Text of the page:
socket options

Scott Lovenberg scott.lovenberg at
Thu Feb 28 07:37:20 MST 2013

On Wed, Feb 20, 2013 at 4:47 PM, Scott Lovenberg
<scott.lovenberg at> wrote:
> On Wed, Feb 20, 2013 at 4:27 PM, Andrew Bartlett <abartlet at> wrote:
>> On Wed, 2013-02-20 at 16:15 -0500, Scott Lovenberg wrote:
>>> On Sun, Feb 17, 2013 at 4:11 AM, Andrew Bartlett <abartlet at> wrote:
>>> > Would you like to write a patch to at least improve the warnings in 'man
>>> > smb.conf'?  Probably not ascii-art, but some clear text explaining why
>>> > this should be the last, not first resort, particularly on Linux.
>>> >
>>> > Thanks,
>>> >
>>> > Andrew Bartlett
>>> How about this wording?  If everyone is ok with it, I'll format it for
>>> a man page and submit it as a patch (since the mailing list hates
>>> non-plain text).
>>> "
>>> Warning:
>>> "Premature optimization is the root of all evil." -- Donald Knuth
>>> Changing socket options should be attempted only after consulting the
>>> Samba Performance Tuning chapter of _The Official Samba HOWTO and
>>> Reference Guide_
>>> (
>>> and exhausting all other means of improving performance.
>> The problem with linking to that document is that it is more a source of
>> confusion and outdated information than a solution to it.
>> I'm actually in a mood to totally remove it, or if not to gut it,
>> because I have no indication (in the commit logs) that it has had any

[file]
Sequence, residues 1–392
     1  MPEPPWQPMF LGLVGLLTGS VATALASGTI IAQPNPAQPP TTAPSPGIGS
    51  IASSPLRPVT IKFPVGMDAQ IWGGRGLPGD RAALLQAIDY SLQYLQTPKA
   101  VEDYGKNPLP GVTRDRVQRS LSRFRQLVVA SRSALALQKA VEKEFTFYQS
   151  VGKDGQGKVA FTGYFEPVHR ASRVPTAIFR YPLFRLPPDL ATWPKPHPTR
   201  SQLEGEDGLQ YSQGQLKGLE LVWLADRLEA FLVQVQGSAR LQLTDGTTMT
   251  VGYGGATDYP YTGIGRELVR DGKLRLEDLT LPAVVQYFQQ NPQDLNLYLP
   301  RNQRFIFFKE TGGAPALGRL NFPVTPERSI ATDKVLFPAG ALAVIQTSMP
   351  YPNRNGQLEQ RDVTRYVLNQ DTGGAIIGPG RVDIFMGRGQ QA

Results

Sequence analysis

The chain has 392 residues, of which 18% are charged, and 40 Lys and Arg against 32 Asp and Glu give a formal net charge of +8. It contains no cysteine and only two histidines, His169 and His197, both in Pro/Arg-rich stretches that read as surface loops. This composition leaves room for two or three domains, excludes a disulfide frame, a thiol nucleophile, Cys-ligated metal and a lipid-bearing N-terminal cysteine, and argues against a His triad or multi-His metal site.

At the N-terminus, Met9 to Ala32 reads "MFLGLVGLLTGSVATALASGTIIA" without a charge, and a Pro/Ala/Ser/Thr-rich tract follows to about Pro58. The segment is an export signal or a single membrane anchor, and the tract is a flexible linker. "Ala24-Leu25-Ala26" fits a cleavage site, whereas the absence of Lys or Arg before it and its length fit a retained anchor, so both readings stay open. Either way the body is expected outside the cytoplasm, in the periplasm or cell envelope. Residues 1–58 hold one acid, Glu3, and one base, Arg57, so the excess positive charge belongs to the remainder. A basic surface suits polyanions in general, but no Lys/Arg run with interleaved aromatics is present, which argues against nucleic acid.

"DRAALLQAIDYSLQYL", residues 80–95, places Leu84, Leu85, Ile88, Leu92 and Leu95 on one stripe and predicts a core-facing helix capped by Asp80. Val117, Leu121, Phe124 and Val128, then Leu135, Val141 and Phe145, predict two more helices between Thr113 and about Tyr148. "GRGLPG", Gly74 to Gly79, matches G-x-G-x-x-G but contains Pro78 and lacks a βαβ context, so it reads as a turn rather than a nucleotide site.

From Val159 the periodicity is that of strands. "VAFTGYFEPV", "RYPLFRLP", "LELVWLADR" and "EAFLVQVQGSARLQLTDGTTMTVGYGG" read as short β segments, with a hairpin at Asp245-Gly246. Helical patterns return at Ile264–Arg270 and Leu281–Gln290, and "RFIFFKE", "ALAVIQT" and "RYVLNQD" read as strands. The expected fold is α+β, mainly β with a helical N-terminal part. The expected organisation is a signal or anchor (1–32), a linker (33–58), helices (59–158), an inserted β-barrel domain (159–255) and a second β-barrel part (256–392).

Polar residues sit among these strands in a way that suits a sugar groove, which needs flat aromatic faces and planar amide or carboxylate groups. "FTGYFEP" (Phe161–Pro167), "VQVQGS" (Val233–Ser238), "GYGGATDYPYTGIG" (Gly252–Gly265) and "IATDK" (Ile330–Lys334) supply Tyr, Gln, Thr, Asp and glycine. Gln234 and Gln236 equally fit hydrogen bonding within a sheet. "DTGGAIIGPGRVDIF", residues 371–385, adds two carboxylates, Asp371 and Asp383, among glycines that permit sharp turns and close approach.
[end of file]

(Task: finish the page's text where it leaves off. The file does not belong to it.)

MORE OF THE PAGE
>> significant attention to technical detail in 10 (probably more like 15)
>> years.  (Notice it compares with NT, and mentions NetBEUI as a common
>> network protocol...).
> I just actually read through the entire section.  It is very dated.
> I'm not sure it is relevant any more and I'd understand if you removed
> it entirely.
>>> Modern server operating systems are tuned for high network performance
>>> in the majority of situations; when you set socket options you are
>>> overriding those settings.  Linux in particular has an auto-tuning
>>> mechanism for buffer sizes that will be disabled if you specify a
>>> socket buffer size.  This can potentially cripple your TCP/IP stack.
>>> Getting the socket options correct can make a big difference to your
>>> performance, but getting them wrong can degrade it by just as much.
>>> As with any other low level setting, if you must make changes to it,
>>> make small changes and test the effect before making any large
>>> changes.
>>> "
>>> Is this wording acceptable?  I could definitely drop the Knuth quote,
>>> but I think it sets the tone perfectly for socket tuning.  Plus, I
>>> like to quote Knuth.
>> Otherwise, I like it.  Perhaps we start with just the last two
>> paragraphs (and the quote, if you can find the right docbook syntax).
> That works for me.  I'll write it up.
> --
> Peace and Blessings,
> -Scott.

Sorry for the delay (I got a cold 2 days after getting over a cold.
Never attend a 2 year old's birthday party, there be germs.), I'd like
to make one additional change to the text in regards to Linux.
Apparently, as is currently being discussed on the linux-cifs mailing
list, the TCP_NODELAY socket option is essentially useless on Linux
now that the sockets are "plugged" (ie, like the deadline disk
scheduler does for writes).  The cifs mount utility is doing away with
the option all together, so I think it should be noted in the
documentation that this is another socket option that should not be
used with Linux.

If there is no objection, I will add that to my doc patch.

Peace and Blessings,

More information about the samba-technical mailing list